Key sections of the Health Identifiers Act 2014 (the “Act”) were brought into force on 30 May 2017. The Act provides for the creation of an individual health identifier (“IHI”), which will uniquely identify each person using health or social care services in Ireland and the establishment of the National Register of IHIs (the “Register”) which will contain each individual’s IHI and such other identifying particulars as are known.
The recent commencement order allows for the operational use of IHIs throughout the Irish healthcare system in line with the terms of the Act. The introduction of IHIs is intended to improve patient safety by ensuring that the right person is identified and the correct information is associated with every person at the point of care, therefore reducing errors. IHIs are also intended to increase audibility and traceability for healthcare information by providing a record of who accessed information and when. No medical information is contained within the Register and people do not need to know their IHI to access services. It is envisaged that IHIs will also benefit healthcare professionals by enabling them to provide services more securely and effectively.
The sections of the Act which were commenced recently deal with accessing the Register and processing IHIs for the purposes permitted under the Act. These include the provision of a health service to an individual, the promotion of patient safety, including clinical auditing and the investigation and reporting of patient safety incidents, and the identification or prevention of a threat to public health.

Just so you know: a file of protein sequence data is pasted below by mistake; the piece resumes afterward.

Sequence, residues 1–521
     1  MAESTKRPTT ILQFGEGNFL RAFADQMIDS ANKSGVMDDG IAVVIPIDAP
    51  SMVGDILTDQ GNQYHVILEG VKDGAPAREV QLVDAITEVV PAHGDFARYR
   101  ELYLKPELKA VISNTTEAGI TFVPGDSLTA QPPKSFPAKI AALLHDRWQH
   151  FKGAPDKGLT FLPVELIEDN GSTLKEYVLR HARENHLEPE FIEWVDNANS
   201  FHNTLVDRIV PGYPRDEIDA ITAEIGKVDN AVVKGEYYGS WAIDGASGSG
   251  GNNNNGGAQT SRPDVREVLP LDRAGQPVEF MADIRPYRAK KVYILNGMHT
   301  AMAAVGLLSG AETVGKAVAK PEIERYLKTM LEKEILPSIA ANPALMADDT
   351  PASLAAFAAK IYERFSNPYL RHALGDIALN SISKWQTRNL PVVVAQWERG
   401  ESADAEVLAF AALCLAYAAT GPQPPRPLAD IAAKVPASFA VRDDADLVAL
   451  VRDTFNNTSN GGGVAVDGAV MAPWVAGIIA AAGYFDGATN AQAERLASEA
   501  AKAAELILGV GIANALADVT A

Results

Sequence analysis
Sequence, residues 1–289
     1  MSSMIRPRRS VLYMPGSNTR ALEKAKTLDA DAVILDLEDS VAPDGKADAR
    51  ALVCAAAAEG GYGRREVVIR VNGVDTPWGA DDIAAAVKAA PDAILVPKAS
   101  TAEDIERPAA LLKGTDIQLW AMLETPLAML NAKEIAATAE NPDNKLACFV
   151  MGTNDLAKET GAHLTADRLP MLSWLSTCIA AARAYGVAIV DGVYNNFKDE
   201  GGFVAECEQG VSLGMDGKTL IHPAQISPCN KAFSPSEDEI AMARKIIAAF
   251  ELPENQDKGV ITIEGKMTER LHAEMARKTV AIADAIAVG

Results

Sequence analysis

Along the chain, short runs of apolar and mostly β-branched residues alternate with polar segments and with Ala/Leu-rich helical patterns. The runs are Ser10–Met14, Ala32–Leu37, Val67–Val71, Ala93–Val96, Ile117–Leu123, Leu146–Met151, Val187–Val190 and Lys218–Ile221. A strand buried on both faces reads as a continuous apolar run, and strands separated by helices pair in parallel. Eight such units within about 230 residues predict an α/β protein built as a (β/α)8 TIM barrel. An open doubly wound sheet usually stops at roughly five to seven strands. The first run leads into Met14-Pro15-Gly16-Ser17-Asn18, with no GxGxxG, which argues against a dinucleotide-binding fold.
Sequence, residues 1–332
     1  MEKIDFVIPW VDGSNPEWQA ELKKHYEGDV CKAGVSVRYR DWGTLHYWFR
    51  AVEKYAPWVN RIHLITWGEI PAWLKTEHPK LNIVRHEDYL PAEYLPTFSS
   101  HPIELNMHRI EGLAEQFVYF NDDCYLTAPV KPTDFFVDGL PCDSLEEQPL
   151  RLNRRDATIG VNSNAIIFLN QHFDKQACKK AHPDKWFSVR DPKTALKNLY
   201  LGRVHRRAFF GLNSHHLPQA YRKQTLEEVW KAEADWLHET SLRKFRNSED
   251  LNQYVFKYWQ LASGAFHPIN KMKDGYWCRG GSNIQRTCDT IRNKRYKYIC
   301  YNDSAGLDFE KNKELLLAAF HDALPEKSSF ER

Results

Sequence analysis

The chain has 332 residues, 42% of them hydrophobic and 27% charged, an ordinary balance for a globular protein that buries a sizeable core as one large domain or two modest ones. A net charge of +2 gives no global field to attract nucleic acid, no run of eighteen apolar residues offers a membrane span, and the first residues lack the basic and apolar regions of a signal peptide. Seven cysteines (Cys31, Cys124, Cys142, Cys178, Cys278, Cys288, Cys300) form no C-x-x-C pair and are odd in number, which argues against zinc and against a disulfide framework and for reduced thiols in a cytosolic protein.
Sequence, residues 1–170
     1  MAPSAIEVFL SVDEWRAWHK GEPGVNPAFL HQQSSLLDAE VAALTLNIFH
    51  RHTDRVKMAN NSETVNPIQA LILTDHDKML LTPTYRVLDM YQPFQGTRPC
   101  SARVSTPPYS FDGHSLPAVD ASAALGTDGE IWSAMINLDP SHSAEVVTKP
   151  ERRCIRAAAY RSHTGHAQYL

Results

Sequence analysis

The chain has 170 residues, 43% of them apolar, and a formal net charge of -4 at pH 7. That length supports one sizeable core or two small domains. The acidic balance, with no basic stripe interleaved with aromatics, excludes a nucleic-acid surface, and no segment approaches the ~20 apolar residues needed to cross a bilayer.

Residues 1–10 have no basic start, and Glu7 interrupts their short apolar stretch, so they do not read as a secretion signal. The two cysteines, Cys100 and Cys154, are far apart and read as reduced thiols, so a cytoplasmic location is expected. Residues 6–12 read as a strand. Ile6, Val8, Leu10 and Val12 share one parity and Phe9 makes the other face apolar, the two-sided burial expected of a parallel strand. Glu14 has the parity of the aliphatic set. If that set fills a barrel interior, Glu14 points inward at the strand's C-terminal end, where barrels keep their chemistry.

Specified persons under the Act may access the Register for a relevant purpose. The definition of specified person is relatively wide and includes health service providers, the Chief Inspector of Social Services, the Child and Family Agency, the Health Research Board, the Irish Blood Transfusion Service, the Irish Medicines Board, the Mental Health Commission, the National Cancer Registry Board, the State Claims Agency, and any other person prescribed by the Minister for Health after consultation with the Data Protection Commissioner.
Specified persons may now also provide an individual’s IHI and such other identifying particulars contained in the Register to the authorised disclosees prescribed in the Act in order to enable them to process the information for a secondary purpose detailed in the Act. A specified person may also, for a relevant purpose, process or further process the above information which the specified person obtained pursuant to, and in accordance with, a provision of the Act.